A progressively angry and violent Damon, former chauffeur to the notorious local gangster, Squizzy Taylor, becomes increasingly remote as he builds a large house to cater for the burgeoning tourism of the local area. Swan, writing poetry on gum leaves, slips between sanity, depression and addiction (opium and/or alcohol), made worse by the cot death of their daughter. As war inches closer and Damon spends more and more time absent from the property as a reservist, into the narrative walks Jasper Zenlin. Charming, wealthy and sophisticated, he loves Swan and her poetry, eventually having the work published by an obscure printing house in Paris on the eve of the war. Swan is a sensation – but never knows it until post-war.

Victim of malicious gossip and accusations, Swan lives intensely and painfully in her mordant solitude. She loses all – Damon, her father, Jasper, her children, even, ultimately, herself.

As a précis, with more verve and action (plane crashes, opium-fuelled orgies, bigamy, spies), The Garden Book sounds like a regular literary thriller. But it falls into an academic exercise, an emotionless gymkhana of poetic verbosity. By the end, I hated it.

The Garden Book was shortlisted for the 2006 Miles Franklin Award but lost out to Roger McDonald and The Ballad of Desmond Kale.

 

‘The Miseducation of Cameron Post’

miseducationA modest, low-key Christian gay conversion therapy drama as Chloe Grace Moretz (Kick-Ass, Let Me In) is caught in the clutches of Bible Study classmate Coley at the School Prom.

Writer/director Desiree Akhavan (Appropriate Behaviour) elicits sensitive, nuanced performances from a cast of predominantly young adults as Moretz develops a close relationship with the dope-growing, resigned-to-their-fate Jane (Sasha Lane – American Honey, Hearts Beat Loud) and Adam (Forrest Goodluck – The Revenant, Indian Horse).

Whilst avoiding overt grandstanding, The Miseducation of Cameron Post, through its lightness of touch and wry humouris a damning indictment of institutional Christianity. It collected the Grand Jury Prize at the 2018 Sundance Film Festival.

Rating: 68%

‘Empire of the Sun’ by J.G. Ballard

empiresunBased on his own childhood experiences, J.G. Ballard’s semi-autobiographical Empire of the Sun is a compelling war torn story of deprivation and starvation as teenager Jim Graham looks to survive the Japanese Lunghao Airfield internment camp south of Shanghai.

A life of chauffeur-driven privilege in the International Settlement of the Chinese city is permanently changed by the Japanese entering the Second World War with the destruction of the American fleet at Pearl Harbour. That same morning, two Japanese warships scuttle American and British gunboats in dock and seize control of the Yangtze River. Confusion reigns: Jim loses contact with his parents and is left to fend for himself.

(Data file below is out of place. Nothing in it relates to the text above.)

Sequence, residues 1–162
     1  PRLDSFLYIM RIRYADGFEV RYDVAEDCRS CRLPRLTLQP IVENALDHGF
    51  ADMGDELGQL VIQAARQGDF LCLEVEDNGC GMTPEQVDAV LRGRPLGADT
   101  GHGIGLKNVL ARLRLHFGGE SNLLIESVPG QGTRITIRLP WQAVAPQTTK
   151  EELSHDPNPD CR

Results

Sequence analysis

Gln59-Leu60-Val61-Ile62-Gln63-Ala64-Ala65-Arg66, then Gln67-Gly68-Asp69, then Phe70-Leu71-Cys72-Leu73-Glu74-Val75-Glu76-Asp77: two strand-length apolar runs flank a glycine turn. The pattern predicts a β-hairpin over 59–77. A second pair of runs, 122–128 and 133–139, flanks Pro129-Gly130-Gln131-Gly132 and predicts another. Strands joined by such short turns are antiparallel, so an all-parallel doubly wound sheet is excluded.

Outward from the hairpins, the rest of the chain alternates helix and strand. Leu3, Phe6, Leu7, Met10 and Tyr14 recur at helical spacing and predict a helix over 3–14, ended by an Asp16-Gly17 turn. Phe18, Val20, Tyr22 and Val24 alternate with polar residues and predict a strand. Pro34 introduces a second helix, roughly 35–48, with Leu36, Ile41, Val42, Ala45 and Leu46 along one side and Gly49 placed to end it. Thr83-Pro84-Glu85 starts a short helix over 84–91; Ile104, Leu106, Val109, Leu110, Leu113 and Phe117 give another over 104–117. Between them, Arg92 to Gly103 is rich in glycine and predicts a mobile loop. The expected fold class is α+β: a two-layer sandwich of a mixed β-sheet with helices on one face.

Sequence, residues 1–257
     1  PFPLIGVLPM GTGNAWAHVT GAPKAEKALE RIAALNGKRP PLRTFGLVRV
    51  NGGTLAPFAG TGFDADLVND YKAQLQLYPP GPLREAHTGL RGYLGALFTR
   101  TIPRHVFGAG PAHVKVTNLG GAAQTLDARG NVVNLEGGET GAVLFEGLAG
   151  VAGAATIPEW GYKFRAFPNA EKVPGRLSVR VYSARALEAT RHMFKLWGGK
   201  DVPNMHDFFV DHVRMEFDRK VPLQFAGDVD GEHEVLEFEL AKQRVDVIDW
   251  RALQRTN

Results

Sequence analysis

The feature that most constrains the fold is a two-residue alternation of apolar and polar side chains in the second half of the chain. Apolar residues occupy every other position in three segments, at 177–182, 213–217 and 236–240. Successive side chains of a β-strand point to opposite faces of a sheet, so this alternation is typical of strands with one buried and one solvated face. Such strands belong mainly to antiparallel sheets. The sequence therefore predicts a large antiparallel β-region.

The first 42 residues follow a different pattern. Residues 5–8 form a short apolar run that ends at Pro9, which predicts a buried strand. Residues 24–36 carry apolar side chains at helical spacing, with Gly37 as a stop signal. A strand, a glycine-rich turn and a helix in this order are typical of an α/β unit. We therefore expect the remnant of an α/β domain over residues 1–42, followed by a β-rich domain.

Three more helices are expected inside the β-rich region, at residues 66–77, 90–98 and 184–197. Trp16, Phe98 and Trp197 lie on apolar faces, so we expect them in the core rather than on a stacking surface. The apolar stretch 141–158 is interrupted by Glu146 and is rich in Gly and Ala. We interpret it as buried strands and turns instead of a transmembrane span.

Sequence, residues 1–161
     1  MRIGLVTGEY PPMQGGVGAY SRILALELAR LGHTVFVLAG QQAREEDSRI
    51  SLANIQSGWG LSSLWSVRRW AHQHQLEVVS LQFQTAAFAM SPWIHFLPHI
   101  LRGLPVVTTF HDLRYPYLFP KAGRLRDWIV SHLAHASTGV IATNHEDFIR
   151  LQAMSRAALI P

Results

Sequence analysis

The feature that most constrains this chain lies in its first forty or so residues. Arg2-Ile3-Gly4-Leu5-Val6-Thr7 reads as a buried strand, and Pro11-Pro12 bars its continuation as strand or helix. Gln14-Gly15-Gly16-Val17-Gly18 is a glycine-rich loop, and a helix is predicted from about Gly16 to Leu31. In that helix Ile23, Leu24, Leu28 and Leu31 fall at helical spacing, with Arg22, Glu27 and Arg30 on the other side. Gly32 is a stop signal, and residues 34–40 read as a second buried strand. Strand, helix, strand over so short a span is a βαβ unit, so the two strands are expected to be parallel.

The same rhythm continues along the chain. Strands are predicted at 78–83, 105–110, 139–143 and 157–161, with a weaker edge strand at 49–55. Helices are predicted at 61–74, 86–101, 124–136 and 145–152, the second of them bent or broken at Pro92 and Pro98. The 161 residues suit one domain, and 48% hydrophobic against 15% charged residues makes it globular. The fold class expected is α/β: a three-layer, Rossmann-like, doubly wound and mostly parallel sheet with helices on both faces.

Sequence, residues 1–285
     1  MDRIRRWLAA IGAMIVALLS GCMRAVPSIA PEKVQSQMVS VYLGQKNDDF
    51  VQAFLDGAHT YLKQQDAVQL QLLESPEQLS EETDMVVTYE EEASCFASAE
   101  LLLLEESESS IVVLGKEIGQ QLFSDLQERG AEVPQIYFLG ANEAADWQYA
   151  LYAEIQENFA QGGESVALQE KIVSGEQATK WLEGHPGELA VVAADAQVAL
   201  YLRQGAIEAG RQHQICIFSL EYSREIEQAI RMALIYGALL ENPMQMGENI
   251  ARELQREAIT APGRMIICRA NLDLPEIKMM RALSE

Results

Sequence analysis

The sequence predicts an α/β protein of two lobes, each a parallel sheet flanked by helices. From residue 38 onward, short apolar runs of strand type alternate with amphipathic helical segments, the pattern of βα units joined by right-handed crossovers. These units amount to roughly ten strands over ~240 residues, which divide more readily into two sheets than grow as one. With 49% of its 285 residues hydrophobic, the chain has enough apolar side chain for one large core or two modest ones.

Roaming free for several months, Jim survives by breaking into the homes of wealthy Europeans, living off water from the soda syphons and cocktail biscuits. But a sense of exhaustion and fear sets in, resulting in his surrender to the Japanese.

Interned in Lunghao, Jim is exposed to the deprivation and cruelty of the Japanese guards. In his three years at the camp, he faces hunger, disease and death. But in his determination to survive, Jim ingratiates himself with prisoners and guards alike to gain food and gifts to later barter for food.

It’s in the detail that Ballard shines. The evocation of the teenage boy’s inner thoughts and confusion, his desperation to avoid slipping into a sense of uselessness along with a sexual awakening in his attraction to Mrs Jenkins: we see Jim grow. He admires the American prisoners and, strangely, identifies (in part) with the Japanese – the pilots in particular. It’s this dislocation of ‘loyalty’ (he has little respect for fellow Brits and the homeland he has never been too) and Jim’s dawning awareness that, as the end of the war approaches, it is likely safer in the camp. Resourceful and wily, having attached himself to other ‘survivors’ (Basie, Dr Ransome), Jim sees the danger that comes with the confusion of the end of the war – starving peasants, rogue Japanese, Chinese communists, bandit camp-survivors. An extraordinary number die after the final days of the war – so many that Jim wanders if World War Three has begun. The dead piled up by the side of roads, bloated corpses floating in the nearby irrigation canals, the sounds of Chinese peasants strangled by soldiers.

A new order is already beginning and the last vestiges of the Empire of the Sun, of the European Empires, of the Chinese Nationalism of Chiang Kai-shek are slowly dying out. Survivors battle survivors for food, booty, a passage to somewhere.